All I’m doing is saying that in my opinion the methodologies that have advance human understanding beyond the dark ages don’t give any reason to believe in God. The question isn’t why don’t I believe, but why do others believe? I have no problem with the God hypothesis. Just convince me. All my objections are simply rejections of any explanation offered so far. And one specific objection is, that if a materialist view plausibly explains everything we do know about (but obviously not everything - not things we don’t yet know about), then why introduce an additional explanation, God, that adds nothing to the material explanation? 

Consider this. Some theists, and some non-science oriented non-theists love to explain how science doesn’t know everything, and indeed often either refines or overturns what it does claim to know. But science proponents know this, because it’s part of our very human condition - and it’s humans that do science. On the other hand, theists throughout the ages have made claims to the certainty of the content of their beliefs, and this still goes on today. They have the one truth. And that one truth entails many things about humans and life on earth. So it’s laughable that this source of truth often has its sub-truths overturned quite often. science proponents accept this, both of science and theism - there’s a psychological and materialistic limitation to humans that pretty much ensures this. So in the face of this why do theists persist with upholding a shaky old belief system constructed so long ago?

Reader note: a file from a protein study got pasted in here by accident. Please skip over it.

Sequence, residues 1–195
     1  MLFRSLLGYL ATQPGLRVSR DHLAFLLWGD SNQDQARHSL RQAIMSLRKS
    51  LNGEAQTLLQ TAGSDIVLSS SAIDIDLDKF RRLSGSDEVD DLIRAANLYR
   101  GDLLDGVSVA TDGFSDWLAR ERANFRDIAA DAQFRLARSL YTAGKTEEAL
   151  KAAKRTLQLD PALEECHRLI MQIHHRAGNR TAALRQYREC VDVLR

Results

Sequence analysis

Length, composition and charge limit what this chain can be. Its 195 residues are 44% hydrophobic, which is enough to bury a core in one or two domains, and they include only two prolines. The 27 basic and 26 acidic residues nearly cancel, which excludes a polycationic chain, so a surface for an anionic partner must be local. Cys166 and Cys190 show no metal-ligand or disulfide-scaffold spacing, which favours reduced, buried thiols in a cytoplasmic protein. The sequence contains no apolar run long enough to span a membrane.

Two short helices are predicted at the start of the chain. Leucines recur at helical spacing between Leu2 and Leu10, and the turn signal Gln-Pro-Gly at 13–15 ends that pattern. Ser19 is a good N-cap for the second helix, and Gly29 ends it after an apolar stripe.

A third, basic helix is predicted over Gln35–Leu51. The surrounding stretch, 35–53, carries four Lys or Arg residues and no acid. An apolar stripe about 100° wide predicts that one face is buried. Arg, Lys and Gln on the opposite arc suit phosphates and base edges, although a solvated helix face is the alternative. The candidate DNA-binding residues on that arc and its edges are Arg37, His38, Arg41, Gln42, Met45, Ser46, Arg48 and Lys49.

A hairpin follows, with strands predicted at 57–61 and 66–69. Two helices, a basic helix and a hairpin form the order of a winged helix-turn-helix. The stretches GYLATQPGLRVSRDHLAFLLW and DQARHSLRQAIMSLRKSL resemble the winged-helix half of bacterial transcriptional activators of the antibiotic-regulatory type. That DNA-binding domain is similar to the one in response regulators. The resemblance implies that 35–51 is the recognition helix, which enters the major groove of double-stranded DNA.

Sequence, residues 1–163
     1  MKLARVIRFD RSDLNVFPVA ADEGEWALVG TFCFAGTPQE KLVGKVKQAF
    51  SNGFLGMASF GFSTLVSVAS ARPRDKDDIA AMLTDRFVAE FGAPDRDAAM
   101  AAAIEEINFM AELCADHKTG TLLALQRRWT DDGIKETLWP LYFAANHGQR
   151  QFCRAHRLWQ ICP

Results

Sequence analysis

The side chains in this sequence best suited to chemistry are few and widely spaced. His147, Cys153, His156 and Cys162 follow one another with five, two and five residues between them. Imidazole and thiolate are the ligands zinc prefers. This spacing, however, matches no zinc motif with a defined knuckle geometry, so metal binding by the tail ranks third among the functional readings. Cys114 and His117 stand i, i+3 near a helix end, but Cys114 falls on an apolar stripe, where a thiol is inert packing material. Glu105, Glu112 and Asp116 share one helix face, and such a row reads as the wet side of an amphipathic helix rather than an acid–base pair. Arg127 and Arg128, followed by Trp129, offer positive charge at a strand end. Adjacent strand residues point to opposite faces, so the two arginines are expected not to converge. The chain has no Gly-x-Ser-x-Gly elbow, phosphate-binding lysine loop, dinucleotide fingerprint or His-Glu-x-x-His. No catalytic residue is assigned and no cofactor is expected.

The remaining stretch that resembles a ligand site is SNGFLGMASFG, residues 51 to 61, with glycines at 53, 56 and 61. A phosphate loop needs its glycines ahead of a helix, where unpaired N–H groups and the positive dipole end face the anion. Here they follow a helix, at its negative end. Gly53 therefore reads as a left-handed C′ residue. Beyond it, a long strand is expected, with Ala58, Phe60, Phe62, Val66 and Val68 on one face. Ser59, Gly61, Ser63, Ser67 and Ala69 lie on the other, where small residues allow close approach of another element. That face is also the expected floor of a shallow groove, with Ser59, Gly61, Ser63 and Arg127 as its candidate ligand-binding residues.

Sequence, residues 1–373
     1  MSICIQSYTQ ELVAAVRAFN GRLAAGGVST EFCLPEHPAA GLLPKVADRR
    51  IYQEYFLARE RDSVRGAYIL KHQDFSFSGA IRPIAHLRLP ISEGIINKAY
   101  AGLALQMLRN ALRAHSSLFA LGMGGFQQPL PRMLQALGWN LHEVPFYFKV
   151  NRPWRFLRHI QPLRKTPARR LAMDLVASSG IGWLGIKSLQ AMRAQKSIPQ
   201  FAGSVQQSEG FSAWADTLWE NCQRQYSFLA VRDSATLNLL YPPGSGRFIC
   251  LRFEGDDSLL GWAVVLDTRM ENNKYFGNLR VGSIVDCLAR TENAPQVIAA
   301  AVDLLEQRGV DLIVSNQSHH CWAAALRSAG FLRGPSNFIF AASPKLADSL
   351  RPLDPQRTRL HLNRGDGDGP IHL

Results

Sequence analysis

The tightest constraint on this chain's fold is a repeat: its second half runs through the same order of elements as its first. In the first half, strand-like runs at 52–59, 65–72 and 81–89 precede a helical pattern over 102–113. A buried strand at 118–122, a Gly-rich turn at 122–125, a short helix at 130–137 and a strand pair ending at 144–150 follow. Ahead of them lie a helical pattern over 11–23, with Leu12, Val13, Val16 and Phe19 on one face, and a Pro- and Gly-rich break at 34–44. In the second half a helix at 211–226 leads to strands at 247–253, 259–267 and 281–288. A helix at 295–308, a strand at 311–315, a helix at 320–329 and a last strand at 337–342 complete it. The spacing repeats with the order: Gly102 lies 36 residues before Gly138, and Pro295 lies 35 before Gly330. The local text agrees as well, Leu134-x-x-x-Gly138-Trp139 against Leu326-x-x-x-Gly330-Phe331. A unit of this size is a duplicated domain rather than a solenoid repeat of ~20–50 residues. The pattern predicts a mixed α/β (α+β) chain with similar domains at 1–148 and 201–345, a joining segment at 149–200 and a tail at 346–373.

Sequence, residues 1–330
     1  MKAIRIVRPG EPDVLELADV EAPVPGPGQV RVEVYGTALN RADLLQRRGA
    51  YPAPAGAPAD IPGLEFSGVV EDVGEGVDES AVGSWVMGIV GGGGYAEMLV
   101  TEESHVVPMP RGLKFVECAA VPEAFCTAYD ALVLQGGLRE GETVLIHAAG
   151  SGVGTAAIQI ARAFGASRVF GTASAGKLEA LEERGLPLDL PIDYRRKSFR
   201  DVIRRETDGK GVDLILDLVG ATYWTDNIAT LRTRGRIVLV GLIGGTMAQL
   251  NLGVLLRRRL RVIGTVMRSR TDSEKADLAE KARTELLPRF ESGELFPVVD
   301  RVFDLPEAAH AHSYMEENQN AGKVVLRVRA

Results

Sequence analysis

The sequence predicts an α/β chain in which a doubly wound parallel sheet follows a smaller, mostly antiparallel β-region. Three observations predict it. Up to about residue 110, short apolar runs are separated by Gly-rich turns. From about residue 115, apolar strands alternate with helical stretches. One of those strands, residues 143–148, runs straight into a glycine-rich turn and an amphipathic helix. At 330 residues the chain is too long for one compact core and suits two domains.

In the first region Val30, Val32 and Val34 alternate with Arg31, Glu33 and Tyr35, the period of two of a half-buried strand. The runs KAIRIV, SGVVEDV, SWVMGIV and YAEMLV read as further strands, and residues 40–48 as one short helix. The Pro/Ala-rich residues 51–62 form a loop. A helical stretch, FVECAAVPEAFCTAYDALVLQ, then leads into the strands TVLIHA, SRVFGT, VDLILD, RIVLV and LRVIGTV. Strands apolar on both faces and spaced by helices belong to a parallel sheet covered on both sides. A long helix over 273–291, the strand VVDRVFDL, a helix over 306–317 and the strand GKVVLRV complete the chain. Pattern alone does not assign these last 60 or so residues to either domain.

Where we reach the boundary of human knowledge isn’t it enough to say we don’t know yet? Do we need to interject a God?


ronmurp - #54138

March 12th 2011

Hi Ronnie - #54123

“I ... would like to mention one aspect of Christianity that falls outside of being proved by evidence, and that is the element of faith.”